Leaders of an effort to build Lawrence into a bioscience powerhouse are looking to Washington for financial help.
Lavern Squier, president and chief executive officer of the Lawrence Chamber of Commerce, said that plans were gaining momentum locally for making high-tech lab space available for prospective and growing bioscience operations.
With Lawrence and Douglas County governments already having committed a total of $400,000 next year for the project, officials now are hoping to drum up some federal assistance.
"It will be a significant price tag," Squier said.
Squier and other local officials traveled to Washington earlier this week to meet with congressional staffers about a variety of issues, including the developing laboratories project.
Others on the trip were Shirley Martin-Smith, chamber chairwoman; Pat Flavin, the chamber's chairman-elect; Judy Billings, a chamber senior vice president and leader of the Lawrence Convention & Visitors Bureau; Mayor Boog Highberger; City Manager Mike Wildgen; and Charles Jones, chairman of the Douglas County Commission.
All are part of an effort to establish a local bioscience board, whose members would be dedicated to supporting development of new technologies in town and attracting other such businesses to locate in the Lawrence area. The first tangible project would be construction of the lab space.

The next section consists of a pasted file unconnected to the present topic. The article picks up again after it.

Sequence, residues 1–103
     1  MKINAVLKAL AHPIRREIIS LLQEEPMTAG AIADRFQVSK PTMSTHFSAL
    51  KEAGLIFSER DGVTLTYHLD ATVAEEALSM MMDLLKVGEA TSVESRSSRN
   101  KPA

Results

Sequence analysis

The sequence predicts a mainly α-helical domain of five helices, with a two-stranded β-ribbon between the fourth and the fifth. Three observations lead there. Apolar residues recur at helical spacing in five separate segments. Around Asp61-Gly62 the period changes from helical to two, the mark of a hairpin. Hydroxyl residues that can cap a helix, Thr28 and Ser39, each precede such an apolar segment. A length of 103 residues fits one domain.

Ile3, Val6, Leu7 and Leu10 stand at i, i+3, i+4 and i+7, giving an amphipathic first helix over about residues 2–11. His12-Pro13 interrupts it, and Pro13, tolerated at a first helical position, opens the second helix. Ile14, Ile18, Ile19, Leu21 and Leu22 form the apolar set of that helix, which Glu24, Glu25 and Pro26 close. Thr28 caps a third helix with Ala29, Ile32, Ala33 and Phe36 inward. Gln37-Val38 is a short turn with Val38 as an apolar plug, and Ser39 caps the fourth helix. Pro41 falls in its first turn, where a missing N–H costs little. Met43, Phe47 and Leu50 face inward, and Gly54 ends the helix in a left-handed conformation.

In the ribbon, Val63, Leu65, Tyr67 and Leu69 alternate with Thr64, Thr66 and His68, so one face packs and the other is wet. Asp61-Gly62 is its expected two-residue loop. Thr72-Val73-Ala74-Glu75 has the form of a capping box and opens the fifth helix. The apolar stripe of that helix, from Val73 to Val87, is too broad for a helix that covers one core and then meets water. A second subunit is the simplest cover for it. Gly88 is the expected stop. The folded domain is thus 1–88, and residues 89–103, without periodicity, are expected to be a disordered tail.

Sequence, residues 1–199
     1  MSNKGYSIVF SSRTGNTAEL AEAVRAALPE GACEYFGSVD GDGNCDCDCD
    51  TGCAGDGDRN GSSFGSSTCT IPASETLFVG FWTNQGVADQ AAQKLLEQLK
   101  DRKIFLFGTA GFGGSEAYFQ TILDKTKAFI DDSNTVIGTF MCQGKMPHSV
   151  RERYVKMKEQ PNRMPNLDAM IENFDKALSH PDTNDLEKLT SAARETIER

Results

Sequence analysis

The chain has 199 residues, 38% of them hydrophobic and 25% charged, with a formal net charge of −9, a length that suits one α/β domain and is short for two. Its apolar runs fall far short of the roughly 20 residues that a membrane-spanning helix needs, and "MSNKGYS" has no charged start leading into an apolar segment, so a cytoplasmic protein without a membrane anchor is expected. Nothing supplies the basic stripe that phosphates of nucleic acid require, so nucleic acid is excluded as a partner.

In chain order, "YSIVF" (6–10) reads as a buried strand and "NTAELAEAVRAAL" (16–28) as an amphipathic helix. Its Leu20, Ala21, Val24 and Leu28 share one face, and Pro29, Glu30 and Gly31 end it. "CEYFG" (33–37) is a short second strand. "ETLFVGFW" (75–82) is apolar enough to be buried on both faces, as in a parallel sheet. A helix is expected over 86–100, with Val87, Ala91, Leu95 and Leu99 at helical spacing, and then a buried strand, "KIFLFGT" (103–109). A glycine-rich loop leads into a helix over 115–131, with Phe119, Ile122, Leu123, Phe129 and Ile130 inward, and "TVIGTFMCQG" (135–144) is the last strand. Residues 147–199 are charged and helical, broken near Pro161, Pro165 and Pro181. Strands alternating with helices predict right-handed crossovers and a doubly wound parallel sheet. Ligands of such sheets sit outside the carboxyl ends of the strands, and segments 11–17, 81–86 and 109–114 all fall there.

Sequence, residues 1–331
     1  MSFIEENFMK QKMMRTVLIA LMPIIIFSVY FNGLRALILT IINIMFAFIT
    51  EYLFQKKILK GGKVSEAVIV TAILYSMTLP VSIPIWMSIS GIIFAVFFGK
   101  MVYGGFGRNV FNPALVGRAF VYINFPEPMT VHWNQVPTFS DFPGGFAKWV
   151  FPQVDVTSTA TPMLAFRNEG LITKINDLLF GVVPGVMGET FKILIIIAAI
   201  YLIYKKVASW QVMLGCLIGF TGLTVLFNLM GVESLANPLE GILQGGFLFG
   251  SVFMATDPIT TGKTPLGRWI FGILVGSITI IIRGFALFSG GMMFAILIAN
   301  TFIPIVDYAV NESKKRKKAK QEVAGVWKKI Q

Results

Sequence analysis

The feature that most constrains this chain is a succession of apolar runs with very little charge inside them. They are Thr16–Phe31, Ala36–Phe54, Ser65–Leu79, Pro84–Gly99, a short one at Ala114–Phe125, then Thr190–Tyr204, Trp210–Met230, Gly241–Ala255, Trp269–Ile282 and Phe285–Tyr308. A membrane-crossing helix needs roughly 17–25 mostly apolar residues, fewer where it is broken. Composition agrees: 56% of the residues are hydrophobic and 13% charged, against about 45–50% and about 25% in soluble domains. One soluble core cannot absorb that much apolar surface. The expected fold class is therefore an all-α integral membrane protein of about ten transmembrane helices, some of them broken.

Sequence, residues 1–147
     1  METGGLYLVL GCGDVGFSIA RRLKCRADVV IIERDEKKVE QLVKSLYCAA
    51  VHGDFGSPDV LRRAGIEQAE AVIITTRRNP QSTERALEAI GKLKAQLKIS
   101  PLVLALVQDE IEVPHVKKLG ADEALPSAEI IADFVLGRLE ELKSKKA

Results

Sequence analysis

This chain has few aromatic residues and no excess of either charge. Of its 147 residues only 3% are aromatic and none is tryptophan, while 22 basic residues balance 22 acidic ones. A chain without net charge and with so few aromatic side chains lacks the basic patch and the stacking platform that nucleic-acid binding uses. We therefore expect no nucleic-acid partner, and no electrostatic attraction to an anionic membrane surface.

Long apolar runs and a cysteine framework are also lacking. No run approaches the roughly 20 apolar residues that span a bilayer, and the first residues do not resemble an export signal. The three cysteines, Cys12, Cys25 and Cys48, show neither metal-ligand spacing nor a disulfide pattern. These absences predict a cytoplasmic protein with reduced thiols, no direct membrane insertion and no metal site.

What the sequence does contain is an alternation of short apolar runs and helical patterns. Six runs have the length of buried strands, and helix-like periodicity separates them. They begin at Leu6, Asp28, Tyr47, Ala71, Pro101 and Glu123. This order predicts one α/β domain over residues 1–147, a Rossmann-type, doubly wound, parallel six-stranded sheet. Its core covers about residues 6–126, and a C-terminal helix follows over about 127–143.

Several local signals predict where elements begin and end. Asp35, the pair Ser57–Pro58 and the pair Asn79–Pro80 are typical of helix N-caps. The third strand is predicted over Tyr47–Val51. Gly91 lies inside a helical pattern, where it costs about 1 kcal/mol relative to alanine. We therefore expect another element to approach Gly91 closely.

While no site has been identified, no design compiled and no final budget established, Squier said, the goal remains: create the kind of high-tech space - complete with sectioned ventilation systems and other features necessary for highly specified operations - that could draw the kind of development that would spawn high-paying jobs for years ahead.
"We're actively in the game, in a specific sector," Squier said. "We're trying to make things happen by virtue of our own investment and planning."
Martin-Smith said she was confident that the meetings in Washington would pay off in the months and years ahead, as officials pursue the community's interests in the nation's capital.
"Everyone was very receptive and very positive," Martin-Smith said of their visits on Capitol Hill. "It was about opening lines of communication. If we're not heard, they can't know how to help us."